We already participate actively in the Uppsala Climate Protocol and have entered into an agreement with Akademiska Hus on climate measures. More landlords may follow. But we also need to draw up well-prepared proposals on measures that make it easier for our faculties, departments and centres to make good climate choices. And make sure to include them in the University’s operational plans and environmental plan. If there are researchers who have studied the efficacy of different measures in large organisations, we must talk with them. What we do must be based on knowledge and dialogue.
Alongside these efforts, we must become better at picking up ideas from inside the University, not least from our students. Next week we will be discussing the issue of a Green Office in the Management Council, for this very purpose. Many departments have made significant progress and taken important steps based on their own conditions. I am sure they can inspire others. It is important to learn from one another.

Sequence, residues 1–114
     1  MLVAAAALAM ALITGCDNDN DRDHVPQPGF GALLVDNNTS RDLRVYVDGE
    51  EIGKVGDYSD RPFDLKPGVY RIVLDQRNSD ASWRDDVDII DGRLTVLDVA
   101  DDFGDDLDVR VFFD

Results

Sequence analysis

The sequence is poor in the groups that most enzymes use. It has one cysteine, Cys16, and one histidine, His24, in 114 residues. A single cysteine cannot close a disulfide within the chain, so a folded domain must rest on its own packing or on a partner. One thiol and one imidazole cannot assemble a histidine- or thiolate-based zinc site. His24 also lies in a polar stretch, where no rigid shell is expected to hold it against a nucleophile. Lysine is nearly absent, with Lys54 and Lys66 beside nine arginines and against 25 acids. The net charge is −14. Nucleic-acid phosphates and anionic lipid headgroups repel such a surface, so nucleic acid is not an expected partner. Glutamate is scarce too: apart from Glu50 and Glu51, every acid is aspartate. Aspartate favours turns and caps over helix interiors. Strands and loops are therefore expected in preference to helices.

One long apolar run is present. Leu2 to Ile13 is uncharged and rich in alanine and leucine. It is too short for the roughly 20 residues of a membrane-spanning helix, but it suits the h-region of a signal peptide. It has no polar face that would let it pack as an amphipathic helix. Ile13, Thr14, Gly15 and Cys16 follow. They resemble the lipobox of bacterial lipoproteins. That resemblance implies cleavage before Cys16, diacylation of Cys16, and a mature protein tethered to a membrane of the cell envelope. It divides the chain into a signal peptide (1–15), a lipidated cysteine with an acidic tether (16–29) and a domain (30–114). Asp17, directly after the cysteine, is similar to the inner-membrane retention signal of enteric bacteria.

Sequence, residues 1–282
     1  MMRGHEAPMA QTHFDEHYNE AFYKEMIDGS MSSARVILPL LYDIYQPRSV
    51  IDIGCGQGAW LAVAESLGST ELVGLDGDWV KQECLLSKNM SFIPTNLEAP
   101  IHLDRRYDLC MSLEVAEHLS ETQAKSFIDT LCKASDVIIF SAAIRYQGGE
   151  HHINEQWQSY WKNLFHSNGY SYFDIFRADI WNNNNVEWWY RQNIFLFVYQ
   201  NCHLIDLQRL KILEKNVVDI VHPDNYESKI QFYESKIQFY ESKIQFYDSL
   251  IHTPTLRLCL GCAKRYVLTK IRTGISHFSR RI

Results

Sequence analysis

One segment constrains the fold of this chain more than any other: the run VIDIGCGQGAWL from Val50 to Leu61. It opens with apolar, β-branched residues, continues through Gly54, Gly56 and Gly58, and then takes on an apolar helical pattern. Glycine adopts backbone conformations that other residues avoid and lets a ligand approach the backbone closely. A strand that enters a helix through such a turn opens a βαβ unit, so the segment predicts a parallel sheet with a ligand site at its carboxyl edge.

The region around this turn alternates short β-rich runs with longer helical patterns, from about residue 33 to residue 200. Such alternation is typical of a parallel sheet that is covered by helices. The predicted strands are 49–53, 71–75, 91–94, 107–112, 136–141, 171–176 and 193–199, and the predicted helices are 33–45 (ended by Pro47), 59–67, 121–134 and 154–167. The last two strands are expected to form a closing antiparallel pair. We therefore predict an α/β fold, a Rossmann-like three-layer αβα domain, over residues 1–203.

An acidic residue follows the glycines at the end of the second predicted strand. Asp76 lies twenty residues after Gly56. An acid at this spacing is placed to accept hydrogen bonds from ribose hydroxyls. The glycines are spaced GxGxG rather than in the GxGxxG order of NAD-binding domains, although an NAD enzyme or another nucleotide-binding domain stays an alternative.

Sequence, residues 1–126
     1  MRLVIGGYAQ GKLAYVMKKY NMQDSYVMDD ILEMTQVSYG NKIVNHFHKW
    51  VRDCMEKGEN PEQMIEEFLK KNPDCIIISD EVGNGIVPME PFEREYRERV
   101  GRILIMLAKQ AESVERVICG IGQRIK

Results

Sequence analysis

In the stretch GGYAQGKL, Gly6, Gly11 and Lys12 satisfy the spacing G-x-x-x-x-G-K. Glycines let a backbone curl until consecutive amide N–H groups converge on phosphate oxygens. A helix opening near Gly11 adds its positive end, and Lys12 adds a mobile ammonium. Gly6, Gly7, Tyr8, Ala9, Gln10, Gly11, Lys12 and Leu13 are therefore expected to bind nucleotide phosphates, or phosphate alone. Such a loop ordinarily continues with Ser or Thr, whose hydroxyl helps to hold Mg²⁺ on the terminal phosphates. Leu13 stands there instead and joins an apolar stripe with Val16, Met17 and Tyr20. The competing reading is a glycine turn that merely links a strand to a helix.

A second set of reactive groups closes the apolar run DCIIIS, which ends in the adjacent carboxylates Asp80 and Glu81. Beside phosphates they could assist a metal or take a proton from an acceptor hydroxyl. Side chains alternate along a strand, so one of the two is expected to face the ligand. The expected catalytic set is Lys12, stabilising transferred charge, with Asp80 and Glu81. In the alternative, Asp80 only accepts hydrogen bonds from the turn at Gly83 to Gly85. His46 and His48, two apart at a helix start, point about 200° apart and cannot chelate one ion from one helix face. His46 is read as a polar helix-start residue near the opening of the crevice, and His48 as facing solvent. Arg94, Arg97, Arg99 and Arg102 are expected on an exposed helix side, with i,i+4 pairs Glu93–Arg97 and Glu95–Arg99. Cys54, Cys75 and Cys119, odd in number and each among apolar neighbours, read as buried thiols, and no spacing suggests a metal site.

It is also important to remember to maintain an open dialogue on these matters. Here, the universities have an important part to play. Some proposals that came up during the meeting were “Ask Uppsala” or “Environmental Help” to respond to people’s questions about the climate. In a society where questions cannot be asked, points of view cannot meet and conflicts between different goals cannot be discussed in depth, silence spreads. And if that happens, we are all losers. We say that it must be easy to do the right thing, but it is not always easy to know the right thing to do. Here we must take responsibility and be active in the dialogue.